For this study, the researchers assessed how the top miRNA features selected by the machine learning model relate to clinically and biologically verified miRNA biomarkers. They developed a Support Vector Machine and Random Forest machine learning model for cancer classification, and iteratively added cancer classes to the multiclass model. They looked at the relationship between the relevant miRNAs identified through feature selection and the performance metrics of the classification model across 20 iterations. Each iteration adds another key sample site to the multiclass model, increasing the number of cancer types involved.

The researchers examined success metric changes as more cancer types were introduced to a subset, how 20-miRNA signatures changed when more cancer types were introduced to a subset, and characteristics of complete data sets through principal component analysis, a popular technique for analyzing large data sets containing a large number of dimensions or features.

Unlike previous studies, which focused solely on miRNA feature signatures for the final multiclass data set, this study tracks changes in clinical and biological relevance after each addition of cancer tissue type.

The results of the research were published in the journal of the Institute of Electrical and Electronics Engineers IEEE Xplore (“Exploration of the Relevance of MicroRNA Signatures for Cancer Detection and Classification of Multiclass Cancers”), indicating that models with a greater number of cancer classes shift towards focusing on cancer-diverse miRNAs with greater relevance to the functionality being characterized. The study suggests that miRNAs may be highly unique to certain cancer tissues and can be powerful biomarkers for detection and classification; however, currently verified biomarkers lead to a wider range of miRNAs for cancer when detecting cancer.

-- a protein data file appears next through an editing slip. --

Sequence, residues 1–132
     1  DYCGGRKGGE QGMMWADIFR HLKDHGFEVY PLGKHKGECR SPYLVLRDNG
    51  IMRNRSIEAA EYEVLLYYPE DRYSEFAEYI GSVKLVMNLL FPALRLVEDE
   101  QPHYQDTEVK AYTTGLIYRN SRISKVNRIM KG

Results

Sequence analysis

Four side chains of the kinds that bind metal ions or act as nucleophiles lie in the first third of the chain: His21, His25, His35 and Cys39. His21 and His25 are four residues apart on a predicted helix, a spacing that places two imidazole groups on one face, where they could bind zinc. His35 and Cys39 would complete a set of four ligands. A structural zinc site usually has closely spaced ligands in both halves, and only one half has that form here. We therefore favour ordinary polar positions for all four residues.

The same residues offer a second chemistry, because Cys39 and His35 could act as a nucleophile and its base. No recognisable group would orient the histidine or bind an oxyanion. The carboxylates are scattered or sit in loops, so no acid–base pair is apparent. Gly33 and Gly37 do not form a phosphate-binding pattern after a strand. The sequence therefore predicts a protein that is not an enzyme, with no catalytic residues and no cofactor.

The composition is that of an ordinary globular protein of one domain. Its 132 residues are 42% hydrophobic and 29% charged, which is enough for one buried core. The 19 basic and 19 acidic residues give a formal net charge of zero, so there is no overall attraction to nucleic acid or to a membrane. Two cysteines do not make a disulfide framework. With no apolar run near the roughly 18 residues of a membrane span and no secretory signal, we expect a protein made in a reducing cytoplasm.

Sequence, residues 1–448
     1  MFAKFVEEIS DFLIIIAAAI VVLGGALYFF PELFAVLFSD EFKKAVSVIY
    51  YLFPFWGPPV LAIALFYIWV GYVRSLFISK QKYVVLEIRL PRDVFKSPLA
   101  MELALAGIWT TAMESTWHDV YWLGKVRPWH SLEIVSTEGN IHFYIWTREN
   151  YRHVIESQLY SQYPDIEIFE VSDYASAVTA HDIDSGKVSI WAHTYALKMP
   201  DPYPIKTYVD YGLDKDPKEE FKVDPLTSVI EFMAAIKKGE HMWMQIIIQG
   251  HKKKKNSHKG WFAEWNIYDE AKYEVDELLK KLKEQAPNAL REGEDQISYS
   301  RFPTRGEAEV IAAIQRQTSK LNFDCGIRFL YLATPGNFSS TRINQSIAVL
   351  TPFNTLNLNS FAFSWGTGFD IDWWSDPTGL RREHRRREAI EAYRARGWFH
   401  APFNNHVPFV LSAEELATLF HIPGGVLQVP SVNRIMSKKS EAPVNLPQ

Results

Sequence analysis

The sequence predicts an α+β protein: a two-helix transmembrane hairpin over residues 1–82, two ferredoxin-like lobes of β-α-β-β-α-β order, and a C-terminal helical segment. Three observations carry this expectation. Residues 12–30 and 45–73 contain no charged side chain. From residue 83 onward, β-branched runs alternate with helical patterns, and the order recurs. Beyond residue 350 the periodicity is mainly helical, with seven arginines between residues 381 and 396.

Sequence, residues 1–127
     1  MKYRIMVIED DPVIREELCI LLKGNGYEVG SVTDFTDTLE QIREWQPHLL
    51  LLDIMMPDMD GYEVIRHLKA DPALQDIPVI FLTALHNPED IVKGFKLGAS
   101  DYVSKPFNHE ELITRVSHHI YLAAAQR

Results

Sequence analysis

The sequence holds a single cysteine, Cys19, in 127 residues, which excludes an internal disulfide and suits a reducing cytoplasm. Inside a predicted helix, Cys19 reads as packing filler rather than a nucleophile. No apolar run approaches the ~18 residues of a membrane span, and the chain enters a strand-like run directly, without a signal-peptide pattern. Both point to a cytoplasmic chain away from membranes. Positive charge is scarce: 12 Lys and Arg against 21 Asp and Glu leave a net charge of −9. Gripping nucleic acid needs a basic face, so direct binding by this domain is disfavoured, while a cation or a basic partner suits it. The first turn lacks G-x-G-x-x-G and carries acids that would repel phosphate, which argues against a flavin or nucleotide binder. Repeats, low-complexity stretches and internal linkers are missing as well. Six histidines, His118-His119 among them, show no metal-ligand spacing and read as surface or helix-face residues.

This study provides insight into the potential relationship between the overall clinical relevance of feature extraction signatures and model success metrics and demonstrates the feasibility of using multi-tissue miRNA cancer signatures as generalizable signatures for detection of a single class of cancer in a number of prominent cancers.